The SNP claim to have a higher interest in Scotland than the other parties, and this should now manifest itself in listening to the wishes of the local people in Highland. Drew Henry, as the leader of the SNP opposition in the last Council, expressed dissatisfaction with the option chosen over the river Ness. Now that the SNP hope to form the main part of the administration, we hope that the SNP will seize the opportunity to re-open the decision about the river Ness and Caledonian Canal crossing. If Aberdeen City Council can re-open and reverse an issue ‘decided’ by referendum, then Highland Council can re-open this decision. After thirty years of agonising about the route for this crossing (because there was no money), this was used as an argument to hasten a decision which was made within about thirty days. Thirty weeks or months would have been more appropriate in view of the number of options. The public did not trust the process which was seen to be taken behind closed doors only months before the local council election when prominent decision-makers were not standing for re-election.
The public voted overwhelmingly in a poll in The Inverness Courier against the route chosen by this cabal. This undermines trust in the process. There is the perception that local planning decisions are really a developer’s charter rather than reflecting the wishes of the public. This also undermines trust.
The original five choices of crossing were increased to eight after public consultation, undermining trust in the capacity of officials to consult properly in the first place. The consultation process is generally now deeply distrusted by community councils, as discussed in a recent meeting of the Association of Scottish Community Councils.
As decision time approached and minds were concentrated on the problem, four new proposals emerged - a medium-height bridge proposed by John West, who stood for the council on ‘the crossing ticket’, and who secured about as many first four preference votes as the elected councillors; a ‘cut and fill’ tunnel under the river and canal proposed and illustrated by local businessman Brian MacGregor; a low level bridge further south proposed by Inverness Civic Trust; and the beginning of a ring road solution round the north and west of the city which is still at the drawing board stage. It has emerged that officials had not considered the ‘cut and fill’ tunnel option and had supplied details for a boring operation with larger costs and technical difficulties, and there have been claims that the high-level bridge chosen by over 80% in the poll was deliberately inflated to price it out of the competition, and that Option 6 which was finally chosen had its price artificially reduced by excluding the extra associated costs of relocating affected premises. There is sufficient reason to think that the final decision has been made on misleading costings and information. This also undermines trust.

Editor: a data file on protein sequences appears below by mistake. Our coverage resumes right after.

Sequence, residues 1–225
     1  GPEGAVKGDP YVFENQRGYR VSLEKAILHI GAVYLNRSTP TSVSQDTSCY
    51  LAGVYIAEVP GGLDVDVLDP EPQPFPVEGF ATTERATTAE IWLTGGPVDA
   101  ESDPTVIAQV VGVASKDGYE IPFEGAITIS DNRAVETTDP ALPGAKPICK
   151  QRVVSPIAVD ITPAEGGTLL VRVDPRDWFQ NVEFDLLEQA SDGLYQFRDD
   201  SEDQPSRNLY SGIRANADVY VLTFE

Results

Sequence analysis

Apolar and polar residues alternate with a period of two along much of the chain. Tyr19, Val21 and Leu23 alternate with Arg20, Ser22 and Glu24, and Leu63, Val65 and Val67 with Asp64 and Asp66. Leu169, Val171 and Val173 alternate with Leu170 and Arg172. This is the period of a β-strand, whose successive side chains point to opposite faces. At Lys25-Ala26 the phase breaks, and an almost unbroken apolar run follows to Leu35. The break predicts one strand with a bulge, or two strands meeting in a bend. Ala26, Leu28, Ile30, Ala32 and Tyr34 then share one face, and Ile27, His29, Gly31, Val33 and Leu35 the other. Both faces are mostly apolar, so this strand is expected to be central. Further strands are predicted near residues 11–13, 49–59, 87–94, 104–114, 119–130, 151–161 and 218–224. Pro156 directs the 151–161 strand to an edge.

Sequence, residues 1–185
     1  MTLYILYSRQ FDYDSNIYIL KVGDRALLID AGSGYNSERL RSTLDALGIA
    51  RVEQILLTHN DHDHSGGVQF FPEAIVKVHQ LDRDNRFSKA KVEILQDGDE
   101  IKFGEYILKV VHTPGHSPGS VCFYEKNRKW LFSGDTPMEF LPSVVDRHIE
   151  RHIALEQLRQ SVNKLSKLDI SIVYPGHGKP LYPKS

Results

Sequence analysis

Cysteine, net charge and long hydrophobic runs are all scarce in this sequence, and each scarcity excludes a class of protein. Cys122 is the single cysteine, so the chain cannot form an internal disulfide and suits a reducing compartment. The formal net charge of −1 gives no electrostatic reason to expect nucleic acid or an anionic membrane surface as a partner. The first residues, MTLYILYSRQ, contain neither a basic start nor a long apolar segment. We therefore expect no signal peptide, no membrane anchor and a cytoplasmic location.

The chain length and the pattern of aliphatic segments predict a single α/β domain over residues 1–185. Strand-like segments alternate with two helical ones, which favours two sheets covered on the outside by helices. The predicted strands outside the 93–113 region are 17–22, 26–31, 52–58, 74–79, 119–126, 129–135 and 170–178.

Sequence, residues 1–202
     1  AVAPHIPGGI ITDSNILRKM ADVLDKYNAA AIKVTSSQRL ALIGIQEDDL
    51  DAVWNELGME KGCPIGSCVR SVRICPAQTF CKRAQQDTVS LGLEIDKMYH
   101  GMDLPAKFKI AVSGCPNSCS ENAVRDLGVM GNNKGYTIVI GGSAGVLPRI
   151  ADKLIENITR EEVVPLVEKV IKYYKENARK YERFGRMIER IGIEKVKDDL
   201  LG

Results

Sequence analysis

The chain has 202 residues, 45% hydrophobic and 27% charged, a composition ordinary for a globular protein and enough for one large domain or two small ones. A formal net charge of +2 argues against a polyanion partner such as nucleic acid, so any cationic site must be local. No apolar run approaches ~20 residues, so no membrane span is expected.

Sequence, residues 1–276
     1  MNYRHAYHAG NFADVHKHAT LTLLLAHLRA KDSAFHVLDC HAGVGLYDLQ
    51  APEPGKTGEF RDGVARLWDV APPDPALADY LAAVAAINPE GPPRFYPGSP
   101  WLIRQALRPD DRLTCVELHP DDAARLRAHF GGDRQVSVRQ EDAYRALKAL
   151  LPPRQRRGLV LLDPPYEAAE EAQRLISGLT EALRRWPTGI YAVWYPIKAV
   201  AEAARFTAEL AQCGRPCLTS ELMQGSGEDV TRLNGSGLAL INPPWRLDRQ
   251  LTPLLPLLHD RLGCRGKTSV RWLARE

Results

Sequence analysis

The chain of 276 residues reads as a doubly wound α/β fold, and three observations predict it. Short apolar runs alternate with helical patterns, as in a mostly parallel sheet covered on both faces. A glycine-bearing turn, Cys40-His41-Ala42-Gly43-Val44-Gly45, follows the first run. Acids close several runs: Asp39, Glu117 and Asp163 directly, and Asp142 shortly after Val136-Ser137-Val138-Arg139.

In the medical world, there is an adage that if there are many tablets for a disease, then none of them work - because the one that works would drive the others out of the market. We now have 12 options for crossing the canal and river Ness, four of which have not been seriously considered - but the decision has been made.
The Highland public put its trust in the Independent group to deliver for the Highlands. The Independent group needs to consider that this fiasco arose on its watch. It is time for the new Council with a new administration to take control of this process, to reconsider, re-open and re-evaluate the solution before the tendering process goes too far, too quickly.
Whom can we trust? This is one of the main messages of the Scottish Christian Party. The public has put its trust in the Independents - is it well-placed? Time will tell. However this is not good enough. We need better principles for trust than mere hind-sight. We need trustworthy dealing by trustworthy people with trustworthy procedures. There is large scope for this failing. The public feel that it is playing catch-up with powerful, paid personnel, who are not listening to its wishes.
Some of these Independents are Christians. Will they fall foul of the same party machine as Christians in other parties? Will they be allowed to speak with a distinctly Christian voice or will this be curtailed in the interests of the Independent grouping/party? Do these Christians want to speak with a distinctly Christian voice? This is why the Scottish Christian Party exists - to bring Christian principles back into public life and public policy.